substances (allergens) that stimulate allergic-like disorders in cats.
Cats should be fed a balanced, commercially prepared diet to avoid
Connolly Animal Clinic: Why is tuna fish bad for cats?
"Several cat caretakers visiting ASPCA Pet Nutrition online have
inquired about feeding tuna to their animal companions. Mindy Bough,
veterinary technician for the ASPCA Pet Nutrition and Science Advisory
Service, dishes out the facts on this savory feline fave:
'An occasional tuna treat for your cat is generally harmless," says
Bough. 'However, if a large part of the cat's diet consists of
tuna--or if the cat is fed tuna exclusively--some problems are likely
Tuna does not contain significant amounts of vitamin E, for example,
so too much of the fish can lead to vitamin E deficiency, resulting in
yellow fat disease, or steatitis. Symptoms include loss of appetite,
fever and hypersensitivity to touch, due to inflammation and necrosis
of fat under the skin. Felines who are fed too much tuna can develop
other nutrient deficiencies, too, because most de-boned fish are
lacking in calcium, sodium, iron, copper and several other vitamins.
Mercury, frequently present in tuna, also presents a potential danger.
'At low levels, this may not be a concern,' explains Bough, 'but if
tuna is fed nearly exclusively, it could pose significant problems.'
The bottom line? 'I recommend premium commercial food for domestic
cats,' Bough says. 'These foods are formulated to meet all of a cat's
dietary needs. Then you can feed an occasional tuna treat for your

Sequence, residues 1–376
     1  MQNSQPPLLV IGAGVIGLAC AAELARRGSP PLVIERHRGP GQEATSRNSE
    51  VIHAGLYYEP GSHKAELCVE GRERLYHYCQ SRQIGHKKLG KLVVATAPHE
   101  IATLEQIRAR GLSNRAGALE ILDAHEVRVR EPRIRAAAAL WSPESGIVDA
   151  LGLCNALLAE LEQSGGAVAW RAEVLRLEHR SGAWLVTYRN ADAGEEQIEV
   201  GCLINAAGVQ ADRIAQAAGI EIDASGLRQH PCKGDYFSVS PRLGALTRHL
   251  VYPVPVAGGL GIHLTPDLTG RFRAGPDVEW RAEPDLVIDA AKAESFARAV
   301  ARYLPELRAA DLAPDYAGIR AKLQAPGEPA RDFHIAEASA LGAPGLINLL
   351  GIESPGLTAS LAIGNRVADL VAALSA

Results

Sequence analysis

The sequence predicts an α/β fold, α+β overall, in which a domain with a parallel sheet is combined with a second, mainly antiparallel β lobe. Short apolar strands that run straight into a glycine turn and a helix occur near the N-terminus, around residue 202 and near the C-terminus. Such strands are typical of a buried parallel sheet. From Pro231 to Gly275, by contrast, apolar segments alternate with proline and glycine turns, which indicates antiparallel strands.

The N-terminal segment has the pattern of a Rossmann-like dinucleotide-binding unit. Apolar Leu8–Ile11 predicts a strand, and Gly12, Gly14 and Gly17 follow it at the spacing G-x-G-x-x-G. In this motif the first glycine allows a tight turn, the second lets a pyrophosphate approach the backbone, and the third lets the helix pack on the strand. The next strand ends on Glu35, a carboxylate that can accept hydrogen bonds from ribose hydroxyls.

ASCPA: WE'RE TALKING TUNA: HOW MUCH IS TOO MUCH FOR YOUR CAT?
"TUNA FOR CATS? NO!
Tuna can be fatal to cats and is not something to be fed to them...
The human variety of tuna fish contains an enzyme that destroys
vitamin B1 (thiamine). Cats who regularly eat tuna can develop a
vitamin B1 deficiency, which results in neurological symptoms like
dilated eyes, loss of equilibrium, seizures and death if this vitamin
is not replaced. The scientific name of this disease is
Clearwater veterinarian Richard Brancato said that though most
domestic cats do enjoy fish, feeding them a diet of only tuna can
cause serious disorders.
Although it is high in protein, tuna lacks sufficient amounts of
certain amino acids, mainly taurine, to maintain feline health. There
is insufficient calcium to balance the phosphorus; the ratio in canned
tuna is 1-to-14.8. This results in bone disease.
Many essential vitamins such as A and most B vitamins are also
lacking, Brancato said. A common disease in cats fed a mainstay of
canned tuna is steatitis, or yellow fat disease, an inflammation of
the fat tissue in the body due to a deficiency of vitamin E.
St. Petersburg Times, published May 14, 2000"
Healthy Pet Corner: Natural Pet News
"Tuna is low in calcium and too high in phosphorous. It may cause
vitamin E deficiency or yellow-fat disease. Plus it may increase
susceptibility to 'rubber jaw,' a form of osteoporosis. Several